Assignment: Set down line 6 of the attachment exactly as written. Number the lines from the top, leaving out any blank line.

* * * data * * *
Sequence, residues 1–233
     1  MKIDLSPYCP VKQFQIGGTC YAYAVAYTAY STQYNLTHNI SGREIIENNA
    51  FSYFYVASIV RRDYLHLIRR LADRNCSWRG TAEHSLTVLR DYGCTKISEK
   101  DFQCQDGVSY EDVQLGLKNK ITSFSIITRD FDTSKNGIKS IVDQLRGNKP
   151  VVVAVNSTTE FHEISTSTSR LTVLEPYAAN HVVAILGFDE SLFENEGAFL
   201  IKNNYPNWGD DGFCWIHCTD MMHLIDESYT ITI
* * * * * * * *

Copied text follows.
   201  IKNNYPNWGD DGFCWIHCTD MMHLIDESYT ITI